However, I do not want to strain my back lifting it.

The only quandary that remains is to decide when is a butternut squash ripe. There are about half a dozen but all fairly small. In the end I will just have to go for it and cut open a likely candidate. If ripe it will be back to the soup making again.

Tomorrow - the clematis that does not climb, should not be pruned and is sweetly scented.

Tuesday, 21 September 2010


At the start there was bare earth, the lid over the borehole and the septic tank.

It is spring 2007 the journey began and tentative lines of stones were put down to delineate possible flower beds and paths formed simply where we walked.

The horse manure heap waited and a few small plants had their roots out in the soil.

One or two small trees and shrubs - some given to me the year before as 60th birthday presents - were planted - most had survived over the winter either in pots or heeled in at our rented house.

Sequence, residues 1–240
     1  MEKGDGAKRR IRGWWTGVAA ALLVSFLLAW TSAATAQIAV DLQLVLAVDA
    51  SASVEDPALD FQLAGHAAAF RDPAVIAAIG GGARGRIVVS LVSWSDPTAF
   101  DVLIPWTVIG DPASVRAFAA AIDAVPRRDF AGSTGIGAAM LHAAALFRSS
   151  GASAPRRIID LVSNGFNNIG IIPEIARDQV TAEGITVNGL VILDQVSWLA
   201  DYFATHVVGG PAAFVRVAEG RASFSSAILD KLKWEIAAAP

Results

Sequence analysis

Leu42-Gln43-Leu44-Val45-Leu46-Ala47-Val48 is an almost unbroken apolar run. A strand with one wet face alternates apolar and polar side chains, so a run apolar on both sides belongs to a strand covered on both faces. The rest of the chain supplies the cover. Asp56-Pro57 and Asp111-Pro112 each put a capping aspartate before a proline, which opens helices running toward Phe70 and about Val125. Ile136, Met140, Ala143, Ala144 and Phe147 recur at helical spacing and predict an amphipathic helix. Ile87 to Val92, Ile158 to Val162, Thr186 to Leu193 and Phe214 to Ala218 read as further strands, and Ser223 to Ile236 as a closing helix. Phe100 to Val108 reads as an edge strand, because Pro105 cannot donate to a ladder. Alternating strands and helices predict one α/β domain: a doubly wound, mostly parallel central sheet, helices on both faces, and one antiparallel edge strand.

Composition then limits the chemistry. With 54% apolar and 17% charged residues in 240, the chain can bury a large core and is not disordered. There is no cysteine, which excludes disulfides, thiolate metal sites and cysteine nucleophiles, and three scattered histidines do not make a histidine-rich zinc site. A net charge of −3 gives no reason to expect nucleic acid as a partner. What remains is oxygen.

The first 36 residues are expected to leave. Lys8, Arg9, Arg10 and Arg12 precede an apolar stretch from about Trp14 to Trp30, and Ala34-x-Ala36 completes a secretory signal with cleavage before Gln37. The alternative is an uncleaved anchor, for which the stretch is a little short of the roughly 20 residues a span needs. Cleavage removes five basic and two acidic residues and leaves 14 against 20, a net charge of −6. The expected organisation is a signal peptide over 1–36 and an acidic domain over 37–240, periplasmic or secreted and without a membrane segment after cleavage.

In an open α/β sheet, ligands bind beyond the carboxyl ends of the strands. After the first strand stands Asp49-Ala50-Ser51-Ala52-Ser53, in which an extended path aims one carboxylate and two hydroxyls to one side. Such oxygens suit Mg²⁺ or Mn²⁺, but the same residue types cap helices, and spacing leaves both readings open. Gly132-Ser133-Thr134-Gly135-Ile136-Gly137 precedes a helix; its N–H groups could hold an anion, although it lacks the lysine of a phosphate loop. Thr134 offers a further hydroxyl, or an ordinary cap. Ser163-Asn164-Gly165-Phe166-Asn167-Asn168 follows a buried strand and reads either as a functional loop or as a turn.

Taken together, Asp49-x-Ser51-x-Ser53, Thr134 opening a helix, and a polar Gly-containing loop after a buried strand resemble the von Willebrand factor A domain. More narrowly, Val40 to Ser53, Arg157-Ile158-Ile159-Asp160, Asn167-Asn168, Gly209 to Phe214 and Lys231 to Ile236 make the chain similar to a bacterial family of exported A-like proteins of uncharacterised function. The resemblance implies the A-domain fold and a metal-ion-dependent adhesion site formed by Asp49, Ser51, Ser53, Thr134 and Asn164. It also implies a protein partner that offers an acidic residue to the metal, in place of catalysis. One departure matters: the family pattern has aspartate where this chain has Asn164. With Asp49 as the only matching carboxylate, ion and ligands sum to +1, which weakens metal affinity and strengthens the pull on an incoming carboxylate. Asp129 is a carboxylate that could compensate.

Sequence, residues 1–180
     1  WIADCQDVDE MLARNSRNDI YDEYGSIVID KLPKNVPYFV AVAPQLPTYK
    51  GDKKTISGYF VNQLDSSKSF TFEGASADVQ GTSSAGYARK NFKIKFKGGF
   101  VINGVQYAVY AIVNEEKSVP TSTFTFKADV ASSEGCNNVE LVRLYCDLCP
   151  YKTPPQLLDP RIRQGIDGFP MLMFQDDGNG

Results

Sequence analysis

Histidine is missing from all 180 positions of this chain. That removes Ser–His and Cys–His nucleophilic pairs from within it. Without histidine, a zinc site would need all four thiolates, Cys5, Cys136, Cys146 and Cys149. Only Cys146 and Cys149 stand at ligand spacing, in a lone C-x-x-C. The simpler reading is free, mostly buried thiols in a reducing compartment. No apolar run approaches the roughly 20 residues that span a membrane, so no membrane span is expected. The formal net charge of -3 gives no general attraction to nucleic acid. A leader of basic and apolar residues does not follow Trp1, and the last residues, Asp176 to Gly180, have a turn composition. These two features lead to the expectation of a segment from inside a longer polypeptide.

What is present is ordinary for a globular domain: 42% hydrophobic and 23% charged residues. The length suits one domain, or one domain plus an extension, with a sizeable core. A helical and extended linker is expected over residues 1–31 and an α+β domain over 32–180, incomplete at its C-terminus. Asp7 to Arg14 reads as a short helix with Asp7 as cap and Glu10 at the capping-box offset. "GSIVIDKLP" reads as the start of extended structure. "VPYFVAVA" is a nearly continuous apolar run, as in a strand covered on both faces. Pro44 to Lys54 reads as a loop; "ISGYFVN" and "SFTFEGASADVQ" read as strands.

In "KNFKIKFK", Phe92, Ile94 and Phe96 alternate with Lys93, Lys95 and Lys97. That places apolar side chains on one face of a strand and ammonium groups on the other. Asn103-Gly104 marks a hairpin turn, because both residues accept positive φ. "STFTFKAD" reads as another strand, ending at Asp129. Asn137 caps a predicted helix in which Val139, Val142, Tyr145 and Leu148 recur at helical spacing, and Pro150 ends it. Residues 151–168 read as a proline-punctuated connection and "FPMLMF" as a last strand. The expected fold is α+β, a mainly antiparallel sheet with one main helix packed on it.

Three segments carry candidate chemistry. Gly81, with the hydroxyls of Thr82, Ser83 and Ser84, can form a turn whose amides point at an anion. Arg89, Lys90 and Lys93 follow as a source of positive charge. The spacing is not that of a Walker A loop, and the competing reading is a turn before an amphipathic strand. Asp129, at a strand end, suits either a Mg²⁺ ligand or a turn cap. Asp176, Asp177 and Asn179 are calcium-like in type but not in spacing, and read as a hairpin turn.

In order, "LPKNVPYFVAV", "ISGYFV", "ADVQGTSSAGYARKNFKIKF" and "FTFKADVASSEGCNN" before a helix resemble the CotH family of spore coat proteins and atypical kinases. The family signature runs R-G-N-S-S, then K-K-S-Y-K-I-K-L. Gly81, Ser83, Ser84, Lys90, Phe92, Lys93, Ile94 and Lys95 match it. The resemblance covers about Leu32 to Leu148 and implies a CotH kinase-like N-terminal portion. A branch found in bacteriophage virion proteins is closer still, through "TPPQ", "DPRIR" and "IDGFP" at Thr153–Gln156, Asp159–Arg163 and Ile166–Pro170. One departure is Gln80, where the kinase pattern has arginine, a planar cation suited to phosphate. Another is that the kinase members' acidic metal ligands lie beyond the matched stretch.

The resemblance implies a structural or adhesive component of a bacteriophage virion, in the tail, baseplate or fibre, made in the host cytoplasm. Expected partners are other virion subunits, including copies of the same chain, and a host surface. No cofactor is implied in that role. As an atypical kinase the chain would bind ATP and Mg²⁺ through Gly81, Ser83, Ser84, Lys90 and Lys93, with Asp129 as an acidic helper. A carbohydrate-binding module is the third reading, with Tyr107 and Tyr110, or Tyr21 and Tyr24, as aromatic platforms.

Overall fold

The owl tree was still standing - see next blog - and the far end of the garden was boggy - the new course of the stream had yet to be dug which helped drain the land. There was no mowing - in fact I did not yet have a mower. All I had was the strimmer to try and keep the jungle at bay and clear areas for development.

Three and a half years on much of the summer and autumn is for mowing and maintenance and winter will have to be the time for new bridges and other developments in the garden.

At least it will keep me warm in the cold days to come.

Sunday, 19 September 2010


Yes, its pouring down again.
Yesterday managed to get compost to R's new bed by the Wendy House, pull up the last of the carrots for dinner and one parsnip - the latter was so big and had a root forked into three - that it will do for two meals - diced and boiled, then mashed with some horseradish sauce.